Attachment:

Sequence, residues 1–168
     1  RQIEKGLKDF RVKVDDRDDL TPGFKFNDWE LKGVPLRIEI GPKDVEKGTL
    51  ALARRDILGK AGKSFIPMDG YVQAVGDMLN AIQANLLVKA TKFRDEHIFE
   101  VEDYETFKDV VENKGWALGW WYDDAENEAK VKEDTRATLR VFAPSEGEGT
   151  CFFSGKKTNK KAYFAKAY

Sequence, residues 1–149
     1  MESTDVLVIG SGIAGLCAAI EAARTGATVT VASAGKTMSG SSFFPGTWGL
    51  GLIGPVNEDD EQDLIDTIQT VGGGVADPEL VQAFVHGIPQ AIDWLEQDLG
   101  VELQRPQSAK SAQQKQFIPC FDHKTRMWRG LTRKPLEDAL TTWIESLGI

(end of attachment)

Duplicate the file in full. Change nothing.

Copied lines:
Sequence, residues 1–168
     1  RQIEKGLKDF RVKVDDRDDL TPGFKFNDWE LKGVPLRIEI GPKDVEKGTL
    51  ALARRDILGK AGKSFIPMDG YVQAVGDMLN AIQANLLVKA TKFRDEHIFE
   101  VEDYETFKDV VENKGWALGW WYDDAENEAK VKEDTRATLR VFAPSEGEGT
   151  CFFSGKKTNK KAYFAKAY

Sequence, residues 1–149
     1  MESTDVLVIG SGIAGLCAAI EAARTGATVT VASAGKTMSG SSFFPGTWGL
    51  GLIGPVNEDD EQDLIDTIQT VGGGVADPEL VQAFVHGIPQ AIDWLEQDLG
   101  VELQRPQSAK SAQQKQFIPC FDHKTRMWRG LTRKPLEDAL TTWIESLGI